DISTRICT 9 is filmed in a faux-documentary style akin to CLOVERFIELD, THE BLAIR WITCH PROJECT, and DIARY OF THE DEAD, et al., with cleverly intercut news reports and interview segments providing much of the early exposition.  While the documentary aspect is removed from the equation roughly thirty minutes in, the style is both retained and smartly utilized, lending the picture an immediacy lacking in at least two of the previously mentioned cinéma vérité shockers.  The form returns to true-documentary in the closing reel, showing what little progress has been made on the prawn-rights front while leaving the door wide open for a future DISTRICT 10 [yes, please!].

Much as I enjoyed the picture it still has a few obvious faults, most of them on the narrative front.  The screenplay by Blomkamp and Terri Tatchell teeters a bit uneasily between the seriousness of its premise and the frequent campiness of what follows.  Villains are cartoonishly constructed, especially the scowling mercenary thug, and their type have been done to death in the eleven decades of film that have come before – I’d have loved to have seen a threat posed by something other than an evil multinational corporation or racist militant scumbags.  Adding to the camp factor is Wikus’ transformation, which seems outright silly at times [re-enforcing the character's newfound understanding of the alien plight as it may], and just what role the black fluid plays in the alien scheme of things is woefully underexplained.

That said, Blomkamp and Tatchell’s script succeeds in large part and is certainly well above average for either the science fiction or action genres.  The parallel between Wikus and the aliens, both little more than workers who lose all sense of purpose when removed from their superiors, is well drawn, as is his uneasy alliance and eventual friendship to Christopher Johnson [that the aliens are re-christened with earthly names is a clever detail].  Copley fills the role of Wikus wonderfully, and his character flows effortlessly from ignorant worker bee to man-on-the-run to unlikely action hero and beyond.  The extensive supporting cast does fine work as well, though few have enough screen time to really develop their roles.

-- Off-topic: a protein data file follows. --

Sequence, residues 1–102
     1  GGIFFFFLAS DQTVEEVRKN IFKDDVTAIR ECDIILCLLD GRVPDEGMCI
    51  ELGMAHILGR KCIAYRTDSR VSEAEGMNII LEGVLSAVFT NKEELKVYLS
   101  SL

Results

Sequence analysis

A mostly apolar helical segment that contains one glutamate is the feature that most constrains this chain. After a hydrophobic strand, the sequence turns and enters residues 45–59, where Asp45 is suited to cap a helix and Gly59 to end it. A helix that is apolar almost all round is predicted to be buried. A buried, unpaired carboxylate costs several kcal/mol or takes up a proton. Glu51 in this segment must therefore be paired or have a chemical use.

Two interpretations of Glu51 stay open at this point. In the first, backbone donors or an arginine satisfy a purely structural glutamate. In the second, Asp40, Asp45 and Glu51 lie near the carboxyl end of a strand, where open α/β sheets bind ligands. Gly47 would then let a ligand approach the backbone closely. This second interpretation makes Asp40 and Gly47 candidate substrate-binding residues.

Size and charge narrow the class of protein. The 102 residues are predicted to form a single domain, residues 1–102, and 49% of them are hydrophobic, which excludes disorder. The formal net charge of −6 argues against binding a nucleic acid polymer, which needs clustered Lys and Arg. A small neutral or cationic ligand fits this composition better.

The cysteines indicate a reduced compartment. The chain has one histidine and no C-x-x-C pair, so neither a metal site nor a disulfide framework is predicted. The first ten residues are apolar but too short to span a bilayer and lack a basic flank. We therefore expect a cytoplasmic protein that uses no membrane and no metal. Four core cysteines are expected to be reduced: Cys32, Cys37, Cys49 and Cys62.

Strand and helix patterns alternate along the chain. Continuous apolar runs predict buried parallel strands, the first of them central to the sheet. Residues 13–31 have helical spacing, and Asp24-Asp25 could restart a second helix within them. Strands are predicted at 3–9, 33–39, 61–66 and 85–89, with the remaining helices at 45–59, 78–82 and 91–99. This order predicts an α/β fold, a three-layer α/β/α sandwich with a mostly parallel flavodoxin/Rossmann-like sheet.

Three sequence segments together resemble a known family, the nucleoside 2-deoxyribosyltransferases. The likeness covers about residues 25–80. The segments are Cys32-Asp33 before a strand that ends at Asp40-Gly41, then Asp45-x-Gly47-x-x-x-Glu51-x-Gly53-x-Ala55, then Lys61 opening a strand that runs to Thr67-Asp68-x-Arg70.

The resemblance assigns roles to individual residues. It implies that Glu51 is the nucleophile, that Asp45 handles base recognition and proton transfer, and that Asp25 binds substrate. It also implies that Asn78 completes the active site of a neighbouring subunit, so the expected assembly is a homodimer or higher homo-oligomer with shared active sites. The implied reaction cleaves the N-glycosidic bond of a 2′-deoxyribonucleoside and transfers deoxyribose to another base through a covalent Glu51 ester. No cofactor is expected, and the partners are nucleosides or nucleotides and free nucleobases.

While imperfect to be sure, there’s nowhere near enough wrong with DISTRICT 9 to sink it and certainly nothing so unforgiveable as to prevent my recommending it.  The drama is [mostly] solid, the message compelling, and the action phenomenal.  I may not have been floored, but it only missed the mark by this much.  See it.


Cinema Enterprises [1980] 92′
country: United States
director: Don Dohler
cast: Don Leifert, Richard Nelson,
Elaine White, George Stover,
Greg Dohler, Del Winans
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A strange red energy descends upon a graveyard by night. It seems to have plans with one of the corpses which are so peacefully rotting away. Conveniently, a pair of lovers has decided to spend some time together there, and the freshly revived dead guy (Don Leifert) can have some fun strangling the female part of the duo with red glowing hands. Looks like he is sucking out her life force too – at least he looks much fresher after the rude deed is done.

Some weeks later, we see the former dead guy move into a house in the circle of hell known as the suburbs. Another jump in time forward, and we finally learn a little more about him and what he is up too.

Dead guy now goes under the name of Eric Longfellow, owns a music school and drives his choleric and paranoid neighbour Gary Kender (Richard Nelson and yes, ladies and gentlemen, our hero) bonkers with his proclivity to play the violin until the early evening hours (terrifying, I know).

When he’s not fiddling away merrily, Longfellow sits in the cellar of his house, pets his (of course black) cat and swills wine. From time to time, he drives out to kill another woman to replenish his energy levels.